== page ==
Found Art

Right now, I’m alone and hungry, and the relative silence I count on for creativity is hampered by the bathroom fan which is running because when I took our garbage down, I found a magnetic toothbrush haphazardly stuck to our dumpster and brought it home because it made me laugh, and I had some spray paint that would make it even funnier, so I took it out on the deck and sprayed it dark red, but the spray paint smelled toxic and it’s too cold to leave it outside to dry, so the toothbrush is drying in the bathroom: loud fan, thin door.

I’m going to leave myself hungry for a while because disruption and deprivation are rare for most of us and even small approximations are revealing. I have a chocolate bar at my elbow and granola a few feet away. I have Yo-Yo Ma ready to play on YouTube, and I’m fairly certain God would stop by for a cup of coffee or a glass of wine. I have only to click, access, or ask. But I’m not going to. For this moment: No food. No silence. No God. No music.

Under my nose, my hands come together between paragraphs, and I realize that due to definitions, the No-God option is unavailable. Maybe this is a good thing. I breathe deeply and catch a whiff of that sharp smell escaping from the bathroom. I wonder if this is penance. I wonder if I need mercy.

I wonder if I could think more clearly if I had a bowl of granola. Mercies aren’t necessarily merciful, and God’s ever-presence is neither blessing nor curse. I wonder if I could spray paint God to increase visibility. I hear a chuckle. I wonder if I could make God hungry. I hear a groan.

“Fine,” I say to God. “You may as well materialize. Put your feet up.  Enjoy the view. Want some tea? Granola?”

God infuses the room diaphanous, translucent. Not hungry. Not visible. My hands elongate, my feet lose sensation, my vision expands, distorts, softens.

“No thanks,” God says, without making a sound.

“Then why are you here?” I ask, in an ungracious way.

“If I told you, I’d have to kill you,” God says, lifting a line from a recent detective show. “Besides, how do you know I’m here?”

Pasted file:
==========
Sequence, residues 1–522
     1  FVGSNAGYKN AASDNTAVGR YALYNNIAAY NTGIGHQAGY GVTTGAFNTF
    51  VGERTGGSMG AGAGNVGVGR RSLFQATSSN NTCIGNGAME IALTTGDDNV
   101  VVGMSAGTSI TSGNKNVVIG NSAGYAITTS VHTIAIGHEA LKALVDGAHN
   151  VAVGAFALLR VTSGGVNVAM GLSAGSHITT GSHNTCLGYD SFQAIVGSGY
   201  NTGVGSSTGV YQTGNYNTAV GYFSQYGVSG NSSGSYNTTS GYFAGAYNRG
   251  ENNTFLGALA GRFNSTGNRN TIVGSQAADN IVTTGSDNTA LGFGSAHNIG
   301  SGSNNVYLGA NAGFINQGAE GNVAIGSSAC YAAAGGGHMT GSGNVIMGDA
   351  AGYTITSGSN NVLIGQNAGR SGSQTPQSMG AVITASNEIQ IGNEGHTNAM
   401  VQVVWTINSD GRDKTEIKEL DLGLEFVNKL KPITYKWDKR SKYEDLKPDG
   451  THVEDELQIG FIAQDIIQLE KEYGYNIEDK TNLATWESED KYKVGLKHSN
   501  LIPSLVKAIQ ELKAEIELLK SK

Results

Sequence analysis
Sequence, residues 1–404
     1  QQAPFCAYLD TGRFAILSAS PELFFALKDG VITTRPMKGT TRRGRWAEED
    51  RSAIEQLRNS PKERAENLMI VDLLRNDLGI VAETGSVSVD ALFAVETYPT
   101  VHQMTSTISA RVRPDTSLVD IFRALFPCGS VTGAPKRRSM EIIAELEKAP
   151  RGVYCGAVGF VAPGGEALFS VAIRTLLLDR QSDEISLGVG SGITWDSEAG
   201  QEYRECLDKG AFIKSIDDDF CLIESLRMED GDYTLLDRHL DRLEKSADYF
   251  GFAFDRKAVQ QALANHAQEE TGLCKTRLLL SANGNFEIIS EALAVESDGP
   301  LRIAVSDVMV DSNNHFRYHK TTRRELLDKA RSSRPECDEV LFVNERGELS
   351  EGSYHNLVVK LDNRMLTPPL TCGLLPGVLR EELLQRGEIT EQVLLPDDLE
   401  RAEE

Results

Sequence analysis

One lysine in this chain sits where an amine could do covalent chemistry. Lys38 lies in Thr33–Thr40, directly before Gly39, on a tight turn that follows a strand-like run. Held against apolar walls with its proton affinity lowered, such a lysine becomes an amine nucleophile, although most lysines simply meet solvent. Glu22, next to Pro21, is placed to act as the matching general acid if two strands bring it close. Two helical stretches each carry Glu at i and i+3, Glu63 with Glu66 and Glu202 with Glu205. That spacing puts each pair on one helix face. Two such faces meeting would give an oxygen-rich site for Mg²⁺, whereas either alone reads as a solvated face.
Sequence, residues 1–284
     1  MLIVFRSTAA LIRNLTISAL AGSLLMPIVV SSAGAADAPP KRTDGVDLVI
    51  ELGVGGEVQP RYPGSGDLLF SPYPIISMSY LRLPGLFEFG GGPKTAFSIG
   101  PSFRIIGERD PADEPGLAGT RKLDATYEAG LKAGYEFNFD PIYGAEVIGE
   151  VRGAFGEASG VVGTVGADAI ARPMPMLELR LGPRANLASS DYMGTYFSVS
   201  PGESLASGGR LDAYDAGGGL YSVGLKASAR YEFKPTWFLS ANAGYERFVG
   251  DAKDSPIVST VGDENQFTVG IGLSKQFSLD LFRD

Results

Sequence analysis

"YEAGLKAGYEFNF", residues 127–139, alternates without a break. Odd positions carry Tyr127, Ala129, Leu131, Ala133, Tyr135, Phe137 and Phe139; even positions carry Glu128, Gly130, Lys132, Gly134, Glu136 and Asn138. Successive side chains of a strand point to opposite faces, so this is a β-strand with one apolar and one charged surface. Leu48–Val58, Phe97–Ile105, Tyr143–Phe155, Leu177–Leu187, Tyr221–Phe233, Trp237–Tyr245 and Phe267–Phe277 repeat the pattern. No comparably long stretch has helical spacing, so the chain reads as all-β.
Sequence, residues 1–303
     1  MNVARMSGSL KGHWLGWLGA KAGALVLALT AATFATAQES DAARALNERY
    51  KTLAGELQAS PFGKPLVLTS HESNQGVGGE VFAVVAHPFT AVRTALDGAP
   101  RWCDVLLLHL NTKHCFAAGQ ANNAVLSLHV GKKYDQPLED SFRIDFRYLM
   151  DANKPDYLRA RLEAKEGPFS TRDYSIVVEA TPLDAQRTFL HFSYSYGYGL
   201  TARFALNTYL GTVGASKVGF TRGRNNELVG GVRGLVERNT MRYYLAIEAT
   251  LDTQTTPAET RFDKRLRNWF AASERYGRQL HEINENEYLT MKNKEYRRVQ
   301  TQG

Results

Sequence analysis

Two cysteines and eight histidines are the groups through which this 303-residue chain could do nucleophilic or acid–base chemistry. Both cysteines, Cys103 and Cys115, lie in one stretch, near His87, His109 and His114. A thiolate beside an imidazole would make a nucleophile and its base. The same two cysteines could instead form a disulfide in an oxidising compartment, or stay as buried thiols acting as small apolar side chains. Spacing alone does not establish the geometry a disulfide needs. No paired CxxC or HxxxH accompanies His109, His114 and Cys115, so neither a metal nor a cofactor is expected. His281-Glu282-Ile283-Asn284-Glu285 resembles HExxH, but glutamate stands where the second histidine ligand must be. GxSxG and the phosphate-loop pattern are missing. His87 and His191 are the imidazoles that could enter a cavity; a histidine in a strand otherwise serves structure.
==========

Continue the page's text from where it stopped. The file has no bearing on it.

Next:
I leave the unsteady room to check on the toothbrush. It’s dry. I wave it at God. “Seriously, what do you want? Why do you come by?” The toothbrush snaps itself to the refrigerator thanks to a magnet of considerable strength. But it’s kind of creepy sticking out there, deep red, reminiscent of bleeding gums. This won’t do. I need a gallery for found art and profound despair, and I need a cathedral where I can paint God into a corner. Both are unlikely.

I click, and Yo-Yo Ma begins to perform. I pour a bowl of granola and smile at God who has coalesced into a paintbrush dipped in turquoise. I’m working on a self-portrait. I’m not sure which colors to use, but for now, turquoise might be perfect.

Your Brewing Legacy

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From the label on my beer bottle comes this declaration: Intense characterful and bold, Guinness extra stout is the pure expression of our brewing legacy…this stout is a testament…I’m sitting with a Fragment of God (all I can handle with the morning news blathering in the background). I look at The Fragment and say, “And you, Holy Fragment? What’s the intense characterful pure expression of your brewing legacy?”

An eyebrow brow goes up, a half-smile forms.

“My brewing legacy? Stray dogs. Old friends. Branches awaiting spring, moving gracefully in my breath. Rich soil, oozing with transformation, black crows telling each other jokes. Snow, sky, birth, death, salt water, rain water, living water, drinking water, drowning water. The night of sleep you just had, the day you have before you. Thoughts and bodies, fears and fantasies, sex and sadness, solemn vows and frivolous skirts that sway and lift in the updraft of soft round hips. Sweat. Bones. Fools. Frogs. Paths to nowhere. Emus, armadillos, chowder, candlelight. Truth. Humility. Laughter.”

The Fragment is pleased with itself. “More?” it asks.

I lay my head down on the ugly dining table I recently bought. The edges are sharp, and it wobbles. It needs a lot of work. I no longer know if it’s worth the effort. This is my intense characterful pure expression of my brewing legacy: I cannot discern between that which should be rescued and reintegrated, that which has useful component parts, and that which should be allowed the dignity of disintegration. Too many things come home with me. And we sit together awaiting insight. Awaiting magic. Awaiting wisdom or the right shade of green.